These are amazing times. In 2015, we live in a new, golden age of communications where real time content accessibility is changing the way we work, live and interact. New media technologies have blurred the traditional lines between broadcasting, print journalism, digital content, advertising and personal messaging. The walls of the old-school communications world have been broken down, as evidenced in every corner of NAB Show 2015, from which I just returned. Traditional broadcasters, newspaper and magazine publishers and other single outlet content providers have turned the corner and no longer question whether they “have” to be forging new interactive business in order to compete. They know they “need” to be in the space to reach the elusive viewer where and how they want to be reached.
While the core goals of making money, operating efficiently (saving money), building brand awareness and winning will never change, the method of “how” the organization reaches those goals is a whole new ballgame. As often stated, “Content is king,” and being able to command that content and utilize digital assets to create reasonable return on investment (ROI) and maintaining a competitive advantage, is mission critical to success on and off the field. The stakes are high as any company, content owner or individual can now be a “social” broadcaster, providing personalized, interactive broadband, mobile-friendly and wireless content to fans, clients, customers and
Operating in this environment, there is tremendous potential for new business and personal development, but as with nearly all opportunity, there is a catch. While many companies are challenged just to get content out the door, those same companies are trying to develop new media content using old methods, and in many cases, building a house of cards by ignoring what’s needed to build the foundation. That’s because many don’t see immediate ROI in developing the underlying asset management systems necessary for long term success and monetization. By not having an efficient digital asset management system and strategy to integrate new process into traditional operations, not reinventing work flow, and redefining traditional roles, broadcasters and content publishers of all sizes will find obstacles and detours and will struggle to create any real value.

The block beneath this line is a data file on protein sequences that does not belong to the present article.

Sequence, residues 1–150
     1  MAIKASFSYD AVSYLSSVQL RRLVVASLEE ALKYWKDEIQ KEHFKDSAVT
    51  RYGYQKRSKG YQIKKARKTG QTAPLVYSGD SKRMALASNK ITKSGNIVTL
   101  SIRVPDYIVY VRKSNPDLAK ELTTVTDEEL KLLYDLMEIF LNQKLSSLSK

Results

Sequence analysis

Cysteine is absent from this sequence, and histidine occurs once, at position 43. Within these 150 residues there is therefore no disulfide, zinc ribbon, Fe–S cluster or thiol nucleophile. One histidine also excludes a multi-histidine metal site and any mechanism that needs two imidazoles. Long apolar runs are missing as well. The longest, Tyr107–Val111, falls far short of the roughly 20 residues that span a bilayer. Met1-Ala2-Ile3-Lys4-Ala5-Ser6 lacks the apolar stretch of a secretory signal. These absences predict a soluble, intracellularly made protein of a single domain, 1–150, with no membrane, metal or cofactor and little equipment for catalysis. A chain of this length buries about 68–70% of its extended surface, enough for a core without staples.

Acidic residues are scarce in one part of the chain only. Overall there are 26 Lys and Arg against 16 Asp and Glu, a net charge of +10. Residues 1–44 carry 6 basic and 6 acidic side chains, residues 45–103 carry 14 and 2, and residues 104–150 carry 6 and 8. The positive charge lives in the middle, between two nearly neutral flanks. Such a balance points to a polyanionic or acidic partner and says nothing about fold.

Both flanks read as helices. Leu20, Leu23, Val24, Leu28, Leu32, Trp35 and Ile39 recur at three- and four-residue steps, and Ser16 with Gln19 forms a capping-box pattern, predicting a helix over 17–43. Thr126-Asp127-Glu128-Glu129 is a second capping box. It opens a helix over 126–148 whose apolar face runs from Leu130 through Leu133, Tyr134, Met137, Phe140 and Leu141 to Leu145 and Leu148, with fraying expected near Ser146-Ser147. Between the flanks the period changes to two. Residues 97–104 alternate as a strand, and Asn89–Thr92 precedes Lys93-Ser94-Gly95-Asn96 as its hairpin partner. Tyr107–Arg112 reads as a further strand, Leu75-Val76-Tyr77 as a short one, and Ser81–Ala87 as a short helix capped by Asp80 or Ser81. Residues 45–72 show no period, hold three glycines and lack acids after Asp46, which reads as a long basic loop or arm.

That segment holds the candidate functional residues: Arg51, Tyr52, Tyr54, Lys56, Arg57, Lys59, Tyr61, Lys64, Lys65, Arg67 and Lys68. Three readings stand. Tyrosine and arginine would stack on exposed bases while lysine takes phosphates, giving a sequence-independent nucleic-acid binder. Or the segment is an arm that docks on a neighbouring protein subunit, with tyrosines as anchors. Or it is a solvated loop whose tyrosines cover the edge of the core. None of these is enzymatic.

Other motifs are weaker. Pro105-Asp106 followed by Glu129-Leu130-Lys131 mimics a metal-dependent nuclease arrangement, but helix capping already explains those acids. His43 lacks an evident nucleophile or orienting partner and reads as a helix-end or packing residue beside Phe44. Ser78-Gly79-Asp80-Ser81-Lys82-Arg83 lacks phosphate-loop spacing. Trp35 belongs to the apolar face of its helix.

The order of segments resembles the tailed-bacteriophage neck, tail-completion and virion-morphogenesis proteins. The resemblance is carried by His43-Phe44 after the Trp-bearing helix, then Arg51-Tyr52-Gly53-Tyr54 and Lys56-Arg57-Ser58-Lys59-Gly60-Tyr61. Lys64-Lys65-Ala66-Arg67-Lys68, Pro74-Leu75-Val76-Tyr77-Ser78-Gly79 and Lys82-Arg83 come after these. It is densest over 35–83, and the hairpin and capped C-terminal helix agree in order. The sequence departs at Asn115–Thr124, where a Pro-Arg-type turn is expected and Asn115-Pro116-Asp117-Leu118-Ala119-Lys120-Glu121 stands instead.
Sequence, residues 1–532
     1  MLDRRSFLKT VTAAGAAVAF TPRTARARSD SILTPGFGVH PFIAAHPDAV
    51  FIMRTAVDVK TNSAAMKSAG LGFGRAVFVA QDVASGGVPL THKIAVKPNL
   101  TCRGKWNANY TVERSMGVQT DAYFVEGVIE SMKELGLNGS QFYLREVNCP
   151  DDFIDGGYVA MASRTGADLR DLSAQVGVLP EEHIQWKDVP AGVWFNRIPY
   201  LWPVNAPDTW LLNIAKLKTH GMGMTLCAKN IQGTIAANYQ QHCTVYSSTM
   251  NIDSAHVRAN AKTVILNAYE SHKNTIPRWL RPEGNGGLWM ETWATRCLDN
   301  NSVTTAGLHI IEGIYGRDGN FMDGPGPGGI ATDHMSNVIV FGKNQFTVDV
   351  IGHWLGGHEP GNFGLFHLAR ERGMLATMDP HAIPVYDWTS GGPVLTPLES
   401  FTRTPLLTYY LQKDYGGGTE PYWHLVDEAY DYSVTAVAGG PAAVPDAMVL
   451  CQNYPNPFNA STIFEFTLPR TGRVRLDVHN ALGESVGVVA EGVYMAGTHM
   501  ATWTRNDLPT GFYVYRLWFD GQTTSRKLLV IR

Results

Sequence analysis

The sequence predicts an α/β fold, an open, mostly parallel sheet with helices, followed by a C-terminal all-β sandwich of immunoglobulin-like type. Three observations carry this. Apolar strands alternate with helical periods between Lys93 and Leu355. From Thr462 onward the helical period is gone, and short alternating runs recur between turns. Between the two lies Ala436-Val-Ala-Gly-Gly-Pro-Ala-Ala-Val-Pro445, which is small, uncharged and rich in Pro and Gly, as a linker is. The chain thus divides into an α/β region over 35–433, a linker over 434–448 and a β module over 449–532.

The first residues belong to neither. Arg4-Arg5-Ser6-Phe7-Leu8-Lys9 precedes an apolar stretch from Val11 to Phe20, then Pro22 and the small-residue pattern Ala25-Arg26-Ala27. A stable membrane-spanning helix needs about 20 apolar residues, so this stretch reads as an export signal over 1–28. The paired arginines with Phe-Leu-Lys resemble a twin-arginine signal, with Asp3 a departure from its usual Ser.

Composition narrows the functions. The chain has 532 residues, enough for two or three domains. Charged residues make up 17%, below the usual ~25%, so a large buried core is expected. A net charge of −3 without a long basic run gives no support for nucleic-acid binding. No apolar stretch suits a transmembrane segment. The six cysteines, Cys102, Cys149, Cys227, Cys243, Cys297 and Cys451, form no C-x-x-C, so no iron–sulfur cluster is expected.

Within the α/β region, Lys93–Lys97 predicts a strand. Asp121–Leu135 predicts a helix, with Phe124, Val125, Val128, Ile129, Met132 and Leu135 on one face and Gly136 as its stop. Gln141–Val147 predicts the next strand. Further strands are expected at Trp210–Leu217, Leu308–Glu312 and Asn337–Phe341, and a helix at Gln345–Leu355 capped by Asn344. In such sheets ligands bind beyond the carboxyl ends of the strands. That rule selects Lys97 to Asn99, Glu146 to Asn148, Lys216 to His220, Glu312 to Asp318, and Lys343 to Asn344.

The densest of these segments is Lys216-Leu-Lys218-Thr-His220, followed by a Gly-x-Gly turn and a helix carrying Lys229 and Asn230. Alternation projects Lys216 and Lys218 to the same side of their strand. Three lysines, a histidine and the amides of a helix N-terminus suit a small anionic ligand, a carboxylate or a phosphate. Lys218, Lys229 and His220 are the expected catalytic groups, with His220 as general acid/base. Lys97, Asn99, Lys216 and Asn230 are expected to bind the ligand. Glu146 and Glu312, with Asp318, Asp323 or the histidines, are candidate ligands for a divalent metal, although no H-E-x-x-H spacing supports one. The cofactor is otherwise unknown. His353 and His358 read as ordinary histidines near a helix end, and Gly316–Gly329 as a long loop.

Broadcasters, journalists, producers, editors, and managers need to possess a very different set of skills than they did just a few years ago. A comprehensive strategic plan for acquiring, cataloging, editing, producing, re-purposing, archiving and distributing footage on multiple platforms is essential for any size organization to generate revenue, or create branding and marketing opportunities. The infrastructure provides tools to create a centralized efficient digital work flow, enables real time collaboration and coordination throughout the organization, creating more efficient use of staff with less time spent searching for materials. The system will create additional programming capabilities, driving new revenue streams, branding opportunities and interactive in-stadium fan interactive elements. It significantly increases the organizations ability to reach fans, staff and business partners on any platform, anywhere, anytime on any screen. For a competitive advantage, it also enables management to provide its coaching staff and players with the latest tools and innovations for video capture and display in the locker rooms, coaches offices, team meeting rooms/theaters, family lounges and with scouting operations.